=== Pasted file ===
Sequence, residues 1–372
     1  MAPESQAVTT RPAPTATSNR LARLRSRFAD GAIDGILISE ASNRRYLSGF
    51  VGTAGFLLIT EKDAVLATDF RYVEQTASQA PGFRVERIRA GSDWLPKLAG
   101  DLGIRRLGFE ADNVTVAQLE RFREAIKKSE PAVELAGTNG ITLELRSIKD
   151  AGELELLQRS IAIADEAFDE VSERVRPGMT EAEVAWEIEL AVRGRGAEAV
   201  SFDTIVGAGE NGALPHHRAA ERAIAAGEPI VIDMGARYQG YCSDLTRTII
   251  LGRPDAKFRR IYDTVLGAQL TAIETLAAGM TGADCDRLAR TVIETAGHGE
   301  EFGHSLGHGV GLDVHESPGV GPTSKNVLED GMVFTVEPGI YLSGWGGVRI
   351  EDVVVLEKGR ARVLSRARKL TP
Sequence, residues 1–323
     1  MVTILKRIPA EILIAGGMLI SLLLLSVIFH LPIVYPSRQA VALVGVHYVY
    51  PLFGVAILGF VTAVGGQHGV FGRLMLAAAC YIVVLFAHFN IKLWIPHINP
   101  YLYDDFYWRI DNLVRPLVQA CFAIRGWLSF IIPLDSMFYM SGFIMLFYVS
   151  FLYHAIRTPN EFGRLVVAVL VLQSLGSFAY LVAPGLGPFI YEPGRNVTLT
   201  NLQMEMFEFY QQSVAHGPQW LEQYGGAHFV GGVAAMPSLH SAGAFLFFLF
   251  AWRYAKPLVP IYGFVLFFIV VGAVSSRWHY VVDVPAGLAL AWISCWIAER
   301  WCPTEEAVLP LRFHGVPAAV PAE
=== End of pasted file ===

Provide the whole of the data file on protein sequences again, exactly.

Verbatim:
Sequence, residues 1–372
     1  MAPESQAVTT RPAPTATSNR LARLRSRFAD GAIDGILISE ASNRRYLSGF
    51  VGTAGFLLIT EKDAVLATDF RYVEQTASQA PGFRVERIRA GSDWLPKLAG
   101  DLGIRRLGFE ADNVTVAQLE RFREAIKKSE PAVELAGTNG ITLELRSIKD
   151  AGELELLQRS IAIADEAFDE VSERVRPGMT EAEVAWEIEL AVRGRGAEAV
   201  SFDTIVGAGE NGALPHHRAA ERAIAAGEPI VIDMGARYQG YCSDLTRTII
   251  LGRPDAKFRR IYDTVLGAQL TAIETLAAGM TGADCDRLAR TVIETAGHGE
   301  EFGHSLGHGV GLDVHESPGV GPTSKNVLED GMVFTVEPGI YLSGWGGVRI
   351  EDVVVLEKGR ARVLSRARKL TP
Sequence, residues 1–323
     1  MVTILKRIPA EILIAGGMLI SLLLLSVIFH LPIVYPSRQA VALVGVHYVY
    51  PLFGVAILGF VTAVGGQHGV FGRLMLAAAC YIVVLFAHFN IKLWIPHINP
   101  YLYDDFYWRI DNLVRPLVQA CFAIRGWLSF IIPLDSMFYM SGFIMLFYVS
   151  FLYHAIRTPN EFGRLVVAVL VLQSLGSFAY LVAPGLGPFI YEPGRNVTLT
   201  NLQMEMFEFY QQSVAHGPQW LEQYGGAHFV GGVAAMPSLH SAGAFLFFLF
   251  AWRYAKPLVP IYGFVLFFIV VGAVSSRWHY VVDVPAGLAL AWISCWIAER
   301  WCPTEEAVLP LRFHGVPAAV PAE